|Honorable Mention - Best Trasgender
By Alicia Moore - SC
|2008 KarMel Scholarship Submission|
|KarMel Scholarship 2008|
|Description of Submission: "Account of a young transgedred woman's first venture out in true form." - Alicia
Why Karen and Melody Liked It: We loved how the story showed the courage it takes to be who we are, and how quickly we can lose that courage with just one careless word.
| She bought a new dress, on a whim. We're going out and she wants to look her best; it's going to be a special night for her. I've been rifling through my makeup case while she puts it on; she emerges into the hall with her arms folded, staring at her fee. I see her and I am genuinely impressed. "Head up," I tell her, "you're a beautiful girl." She looks up and smiles, and we both know then this will be the best night we've had in awhile.
It's been a hard year for us, and we both need this. I work hard everyday to keep us under a roof with light, heat, food, a bed to sleep in. She cooks, cleans, keeps our humble little place feeling like a home. We are underprivileged, yet still satisfied; unpretentious, yet still self-assured. But I've just gotten a long overdue bonus, and tonight is for dancing.
It sounds like a Proletariat love-story, and we have often appeared the part of the poor young married couple one would imagine in it. But we are not those people, and this is not that story. Our bed is shared only for the lack of a second one, and at home we are better compared to Marcus and Rodolfo than to Henry and June.
I help her finish getting ready. She is fretful, nervous, and finds it hard to keep still while I am applying her makeup . We have only one pair of pantyhose in the house, and when they don't quite fit right, she nearly cries; but after ten minutes with thread, needle, and scissors, I have them perfectly squared off and attached to garters. She praises my improvisiational skills as I hand her her coat; she thanks me for everything I've done as we're heading out the door.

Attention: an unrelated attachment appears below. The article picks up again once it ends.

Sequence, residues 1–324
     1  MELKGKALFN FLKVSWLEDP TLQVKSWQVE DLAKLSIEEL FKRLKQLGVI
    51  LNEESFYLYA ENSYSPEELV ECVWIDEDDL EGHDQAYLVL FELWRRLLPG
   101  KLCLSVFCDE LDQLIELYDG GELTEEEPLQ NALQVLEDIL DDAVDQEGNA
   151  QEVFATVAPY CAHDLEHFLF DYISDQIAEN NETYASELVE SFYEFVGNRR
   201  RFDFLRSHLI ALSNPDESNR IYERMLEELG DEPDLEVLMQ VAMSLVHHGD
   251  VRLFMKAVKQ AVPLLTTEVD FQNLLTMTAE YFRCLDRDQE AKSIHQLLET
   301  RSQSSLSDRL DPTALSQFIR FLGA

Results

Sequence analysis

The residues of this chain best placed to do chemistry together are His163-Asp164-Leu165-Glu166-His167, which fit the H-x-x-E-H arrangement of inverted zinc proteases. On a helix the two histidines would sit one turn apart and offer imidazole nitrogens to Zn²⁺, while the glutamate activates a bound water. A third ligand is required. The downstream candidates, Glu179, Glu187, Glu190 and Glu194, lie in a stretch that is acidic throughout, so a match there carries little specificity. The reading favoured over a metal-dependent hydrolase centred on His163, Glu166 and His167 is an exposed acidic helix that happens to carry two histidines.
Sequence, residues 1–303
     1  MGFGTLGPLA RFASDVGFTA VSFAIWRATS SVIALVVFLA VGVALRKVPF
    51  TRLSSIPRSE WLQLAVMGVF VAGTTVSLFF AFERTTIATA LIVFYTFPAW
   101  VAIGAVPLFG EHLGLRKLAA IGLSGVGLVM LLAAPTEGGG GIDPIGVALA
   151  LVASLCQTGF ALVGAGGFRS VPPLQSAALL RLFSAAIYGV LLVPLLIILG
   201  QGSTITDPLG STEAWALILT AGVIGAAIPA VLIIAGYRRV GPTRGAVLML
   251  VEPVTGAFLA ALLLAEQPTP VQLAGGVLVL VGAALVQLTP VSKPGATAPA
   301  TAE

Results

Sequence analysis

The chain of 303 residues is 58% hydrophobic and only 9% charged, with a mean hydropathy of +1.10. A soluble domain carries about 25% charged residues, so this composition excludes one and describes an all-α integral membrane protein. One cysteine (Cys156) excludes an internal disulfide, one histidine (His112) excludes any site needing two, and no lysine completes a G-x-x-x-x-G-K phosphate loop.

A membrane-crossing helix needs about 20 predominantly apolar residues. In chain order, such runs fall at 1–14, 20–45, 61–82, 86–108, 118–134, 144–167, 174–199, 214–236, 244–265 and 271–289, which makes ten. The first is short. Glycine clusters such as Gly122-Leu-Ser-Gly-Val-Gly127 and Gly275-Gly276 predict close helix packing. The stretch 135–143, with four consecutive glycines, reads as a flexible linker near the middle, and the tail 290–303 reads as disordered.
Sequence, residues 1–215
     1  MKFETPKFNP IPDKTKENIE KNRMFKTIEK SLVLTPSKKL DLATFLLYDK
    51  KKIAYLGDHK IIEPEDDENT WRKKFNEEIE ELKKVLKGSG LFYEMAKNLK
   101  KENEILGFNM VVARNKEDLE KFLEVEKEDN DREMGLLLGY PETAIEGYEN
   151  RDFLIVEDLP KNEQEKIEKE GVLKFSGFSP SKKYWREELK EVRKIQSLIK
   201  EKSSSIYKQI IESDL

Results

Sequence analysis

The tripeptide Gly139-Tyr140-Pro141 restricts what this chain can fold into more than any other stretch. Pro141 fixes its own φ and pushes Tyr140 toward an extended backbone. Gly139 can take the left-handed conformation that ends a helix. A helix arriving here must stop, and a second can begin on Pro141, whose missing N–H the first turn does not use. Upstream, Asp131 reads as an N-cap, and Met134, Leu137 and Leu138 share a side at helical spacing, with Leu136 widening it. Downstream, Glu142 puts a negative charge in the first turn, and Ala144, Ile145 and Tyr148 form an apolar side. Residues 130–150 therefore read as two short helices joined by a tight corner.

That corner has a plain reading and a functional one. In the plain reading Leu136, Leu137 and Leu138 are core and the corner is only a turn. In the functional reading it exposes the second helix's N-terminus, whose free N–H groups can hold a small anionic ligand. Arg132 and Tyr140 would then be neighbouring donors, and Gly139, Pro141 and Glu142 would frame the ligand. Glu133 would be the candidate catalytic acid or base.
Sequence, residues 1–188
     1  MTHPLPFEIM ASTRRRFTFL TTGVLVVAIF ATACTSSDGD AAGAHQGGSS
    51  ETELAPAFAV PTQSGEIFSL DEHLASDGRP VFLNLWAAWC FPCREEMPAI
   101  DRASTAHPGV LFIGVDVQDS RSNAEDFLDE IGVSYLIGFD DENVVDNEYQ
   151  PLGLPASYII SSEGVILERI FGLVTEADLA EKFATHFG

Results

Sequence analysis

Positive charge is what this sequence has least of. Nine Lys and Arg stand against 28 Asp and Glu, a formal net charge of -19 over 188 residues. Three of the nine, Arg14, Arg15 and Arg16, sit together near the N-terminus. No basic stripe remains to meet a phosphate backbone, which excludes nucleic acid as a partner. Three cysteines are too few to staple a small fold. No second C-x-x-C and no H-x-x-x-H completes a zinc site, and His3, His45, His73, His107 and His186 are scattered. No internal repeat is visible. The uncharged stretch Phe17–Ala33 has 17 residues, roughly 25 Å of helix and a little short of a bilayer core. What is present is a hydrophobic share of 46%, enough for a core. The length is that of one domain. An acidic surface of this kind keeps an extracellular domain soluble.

The only things that I have no required no lateral thinking are the shoes she is wearing. The shoes are perfect.
She is radiant in the bright, colorful sundress, pointedly chosen to stand out at the evening club we're headed for. As we cross the street twoard our desitnation, two men our age pass and look back at her as they do. One of them lets out a low whislte, and then she is beaming when I look over at her, ecstatic to be recognized at last for the lovely woman that she is.
Heads turn as we enter the club, and she is smiling again, and then I smile too, because I am thrilled for her. We drink and laugh and have a wonderful time, until I feel my anger flare up and have to restrain myself from lashing out in the violence when I see her deflate, because the man sitting next to us at the bar mutters under his breath (though not quietly enough):
"What's up with that guy?"